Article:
From: “Pasta Modern: New & Inspired Recipes of Italy” (Stewart, Tabori & Chang), by Francine Segan     

Prep time: 30 minutes

Bake time: 25 minutes

Total time: 55 minutes

Yield: 8 servings

Ingredients

Olive oil

1 small onion, minced

2 ounces pancetta or prosciutto, minced

8 ounces baby peas

Salt and black pepper

3/4 pound mushrooms, thinly sliced

1 clove garlic, minced

7 tablespoons butter, plus more for the pan

About 1/4 cup toasted bread crumbs

1 cup chicken or beef stock

1 pound tagliolini, thin egg noodles, preferably Felicetti brand

4 tablespoons all-purpose flour

2 cups milk, warmed

About 1/2 cup grated Parmesan cheese

3/4 pound burrata or mozzarella cheese, diced

8 ounces thinly sliced ham, cut into strips

Directions

1. Heat 1 tablespoon of oil in a small frying pan over medium high heat. Cook the onion and pancetta until softened, about 5 minutes. Add the peas and a few tablespoons of water, and cook until the peas are tender, about 5 minutes. Season with salt and pepper, set aside in a bowl.

2. In the same pan, heat 2 tablespoons of oil over high heat. Cook the mushrooms and garlic a minute or two, until tender. Season with salt and pepper, set aside.

3. Preheat the oven to 350 F. Butter an 8- to 9-inch nonstick spring-form pan and dust with bread crumbs.

4. In a small pot, simmer the stock until reduced by half.

5. In another small pot, make the béchamel. Melt 4 tablespoons of butter over medium heat, stir in the flour and cook, stirring constantly with a wooden spoon, until smooth. Add the warm milk, and bring to a boil, stirring until thick, about 2 minutes. Season with salt and pepper. Set aside.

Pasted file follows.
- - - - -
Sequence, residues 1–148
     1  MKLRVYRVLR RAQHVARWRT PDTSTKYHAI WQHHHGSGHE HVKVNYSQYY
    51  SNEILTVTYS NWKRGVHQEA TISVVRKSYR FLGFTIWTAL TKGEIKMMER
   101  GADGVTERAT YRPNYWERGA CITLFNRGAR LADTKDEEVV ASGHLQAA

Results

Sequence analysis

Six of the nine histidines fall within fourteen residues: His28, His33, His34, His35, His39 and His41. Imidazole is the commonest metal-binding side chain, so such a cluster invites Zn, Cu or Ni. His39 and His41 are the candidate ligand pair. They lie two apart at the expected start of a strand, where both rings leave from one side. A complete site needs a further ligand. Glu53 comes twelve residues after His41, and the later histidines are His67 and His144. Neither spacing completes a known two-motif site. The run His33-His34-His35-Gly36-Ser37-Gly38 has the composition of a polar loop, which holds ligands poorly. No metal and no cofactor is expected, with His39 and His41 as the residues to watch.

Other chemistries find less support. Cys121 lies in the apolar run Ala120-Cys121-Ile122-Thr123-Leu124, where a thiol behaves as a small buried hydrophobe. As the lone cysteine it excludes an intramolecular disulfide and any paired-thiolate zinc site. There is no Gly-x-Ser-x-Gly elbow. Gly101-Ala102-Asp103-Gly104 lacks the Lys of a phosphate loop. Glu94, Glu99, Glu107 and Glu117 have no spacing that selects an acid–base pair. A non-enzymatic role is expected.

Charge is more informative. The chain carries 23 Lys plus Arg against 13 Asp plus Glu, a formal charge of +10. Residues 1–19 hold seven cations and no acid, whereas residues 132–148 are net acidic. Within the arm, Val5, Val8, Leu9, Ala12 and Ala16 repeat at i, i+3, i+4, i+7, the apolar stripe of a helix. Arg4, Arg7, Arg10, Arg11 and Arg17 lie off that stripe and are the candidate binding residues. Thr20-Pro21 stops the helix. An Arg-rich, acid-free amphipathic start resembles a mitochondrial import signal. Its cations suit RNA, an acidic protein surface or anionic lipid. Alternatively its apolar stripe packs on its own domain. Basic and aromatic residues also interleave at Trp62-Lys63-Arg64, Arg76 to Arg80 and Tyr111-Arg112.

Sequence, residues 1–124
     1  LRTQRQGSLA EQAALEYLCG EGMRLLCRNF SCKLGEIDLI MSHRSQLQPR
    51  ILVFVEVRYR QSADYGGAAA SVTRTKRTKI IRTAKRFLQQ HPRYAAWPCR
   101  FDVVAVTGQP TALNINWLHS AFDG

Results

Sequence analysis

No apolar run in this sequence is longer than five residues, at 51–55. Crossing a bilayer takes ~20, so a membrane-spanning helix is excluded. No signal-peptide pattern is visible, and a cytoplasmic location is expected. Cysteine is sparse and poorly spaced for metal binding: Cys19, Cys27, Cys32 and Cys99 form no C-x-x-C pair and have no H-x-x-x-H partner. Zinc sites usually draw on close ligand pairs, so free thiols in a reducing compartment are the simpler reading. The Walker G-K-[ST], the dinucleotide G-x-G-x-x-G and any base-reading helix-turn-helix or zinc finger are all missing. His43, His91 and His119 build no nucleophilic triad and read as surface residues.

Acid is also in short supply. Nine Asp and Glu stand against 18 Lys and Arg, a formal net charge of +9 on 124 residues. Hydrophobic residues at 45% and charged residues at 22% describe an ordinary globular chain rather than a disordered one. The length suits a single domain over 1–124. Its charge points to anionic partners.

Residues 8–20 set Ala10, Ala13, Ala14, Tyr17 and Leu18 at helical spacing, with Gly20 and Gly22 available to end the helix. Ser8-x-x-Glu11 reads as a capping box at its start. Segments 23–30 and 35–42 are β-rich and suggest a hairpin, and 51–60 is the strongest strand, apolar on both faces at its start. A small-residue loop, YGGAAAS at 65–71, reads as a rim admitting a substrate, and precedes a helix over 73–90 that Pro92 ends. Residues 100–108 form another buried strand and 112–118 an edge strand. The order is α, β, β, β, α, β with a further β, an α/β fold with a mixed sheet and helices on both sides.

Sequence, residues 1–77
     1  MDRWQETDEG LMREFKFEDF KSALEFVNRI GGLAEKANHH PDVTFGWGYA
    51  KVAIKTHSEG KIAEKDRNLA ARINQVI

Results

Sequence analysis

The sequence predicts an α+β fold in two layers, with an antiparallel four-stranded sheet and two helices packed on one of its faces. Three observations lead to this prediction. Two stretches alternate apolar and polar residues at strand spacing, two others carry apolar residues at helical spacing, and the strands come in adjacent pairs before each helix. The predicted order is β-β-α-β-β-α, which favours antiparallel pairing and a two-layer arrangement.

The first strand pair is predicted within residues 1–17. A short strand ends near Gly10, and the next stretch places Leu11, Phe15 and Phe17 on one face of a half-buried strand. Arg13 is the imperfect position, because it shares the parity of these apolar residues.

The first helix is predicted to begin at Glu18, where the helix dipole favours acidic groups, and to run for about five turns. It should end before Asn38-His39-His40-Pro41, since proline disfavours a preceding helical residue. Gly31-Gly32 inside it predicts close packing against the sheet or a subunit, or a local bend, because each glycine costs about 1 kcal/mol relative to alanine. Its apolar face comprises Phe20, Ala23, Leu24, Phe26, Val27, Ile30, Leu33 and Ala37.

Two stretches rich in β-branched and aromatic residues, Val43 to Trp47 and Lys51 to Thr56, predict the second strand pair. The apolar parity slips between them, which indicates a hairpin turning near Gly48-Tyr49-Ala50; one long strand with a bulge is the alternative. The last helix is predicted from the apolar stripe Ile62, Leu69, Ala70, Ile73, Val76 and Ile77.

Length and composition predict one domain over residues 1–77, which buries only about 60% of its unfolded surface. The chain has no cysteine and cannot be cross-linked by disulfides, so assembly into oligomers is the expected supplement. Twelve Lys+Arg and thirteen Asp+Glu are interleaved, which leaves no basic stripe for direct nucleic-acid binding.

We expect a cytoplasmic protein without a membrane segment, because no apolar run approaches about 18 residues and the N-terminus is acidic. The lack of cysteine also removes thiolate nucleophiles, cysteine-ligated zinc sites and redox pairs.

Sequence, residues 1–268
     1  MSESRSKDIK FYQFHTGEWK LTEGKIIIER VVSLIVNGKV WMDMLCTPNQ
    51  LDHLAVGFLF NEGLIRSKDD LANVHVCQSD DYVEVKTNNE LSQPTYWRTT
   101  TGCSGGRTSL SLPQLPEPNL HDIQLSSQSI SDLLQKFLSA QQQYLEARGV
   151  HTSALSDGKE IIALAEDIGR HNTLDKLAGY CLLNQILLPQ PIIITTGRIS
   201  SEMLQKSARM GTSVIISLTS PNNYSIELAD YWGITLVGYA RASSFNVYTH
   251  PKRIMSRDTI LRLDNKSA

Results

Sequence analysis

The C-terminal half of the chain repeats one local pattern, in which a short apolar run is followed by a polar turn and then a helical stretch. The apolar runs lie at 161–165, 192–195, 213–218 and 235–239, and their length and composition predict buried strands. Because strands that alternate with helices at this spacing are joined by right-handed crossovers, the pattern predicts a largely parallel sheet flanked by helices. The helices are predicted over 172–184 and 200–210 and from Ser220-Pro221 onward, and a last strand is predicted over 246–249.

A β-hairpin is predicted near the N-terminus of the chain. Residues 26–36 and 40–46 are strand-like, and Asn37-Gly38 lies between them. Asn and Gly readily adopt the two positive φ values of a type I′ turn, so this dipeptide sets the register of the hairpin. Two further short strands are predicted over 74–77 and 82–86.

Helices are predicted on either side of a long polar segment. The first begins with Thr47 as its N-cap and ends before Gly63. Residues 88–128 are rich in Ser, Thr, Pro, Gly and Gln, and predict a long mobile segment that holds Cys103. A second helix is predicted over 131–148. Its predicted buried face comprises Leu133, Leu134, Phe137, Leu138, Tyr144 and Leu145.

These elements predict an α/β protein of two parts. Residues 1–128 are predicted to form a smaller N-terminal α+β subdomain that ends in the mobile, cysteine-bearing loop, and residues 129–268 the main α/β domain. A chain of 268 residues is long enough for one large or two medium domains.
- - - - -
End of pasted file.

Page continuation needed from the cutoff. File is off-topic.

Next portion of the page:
6. Cook the pasta in salted, boiling water 3 minutes less than package directions. Drain and toss with the reduced stock.

7. Layer the bottom of the prepared baking pan with 1/3 of the pasta, pressed into a level layer. Dot with 1/3 of the béchamel, sprinkle with 2 to 3 heaping tablespoons of grated Parmesan, scatter on all the pea mixture, then scatter over 1/3 of the diced cheese. Spread out a second level layer of pasta, dot with 1/3 of the béchamel, sprinkle with 2 to 3 heaping tablespoons of Parmesan, and scatter on all the mushrooms and ham and remaining 2/3 of the diced cheese. Top with the remaining pasta and any unabsorbed remaining stock, pressing down to compact the layers. Dot with the remaining béchamel, sprinkle with 2 to 3 tablespoons of Parmesan and 2 to 3 tablespoons of bread crumbs, and dot with 2 to 3 tablespoons of very thinly sliced butter.

8. Bake for about 25 minutes until set and golden. Let rest to room temperature before slicing.

Main photo: A contestant prepares a cheese wheel for Panicale’s Easter Monday competition. Credit: Copyright 2016 Francine Segan



Zester Daily contributor Francine Segan, a food historian and expert on Italian cuisine, is the author of six books, including "Pasta Modern" and "Dolci: Italy's Sweets." She is a host on i-italy TV and is regularly featured on numerous specials for PBS, the Food Network and the History, Sundance and Discovery channels.